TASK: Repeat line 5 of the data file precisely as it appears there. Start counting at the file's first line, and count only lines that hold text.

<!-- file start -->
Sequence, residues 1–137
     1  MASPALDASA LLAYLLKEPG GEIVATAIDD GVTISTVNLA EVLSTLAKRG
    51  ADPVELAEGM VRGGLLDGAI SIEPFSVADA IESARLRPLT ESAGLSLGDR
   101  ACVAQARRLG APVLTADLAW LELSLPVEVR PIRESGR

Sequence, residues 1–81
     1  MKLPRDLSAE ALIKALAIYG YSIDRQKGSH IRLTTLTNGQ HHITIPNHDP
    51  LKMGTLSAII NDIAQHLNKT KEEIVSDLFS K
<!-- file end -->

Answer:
Sequence, residues 1–81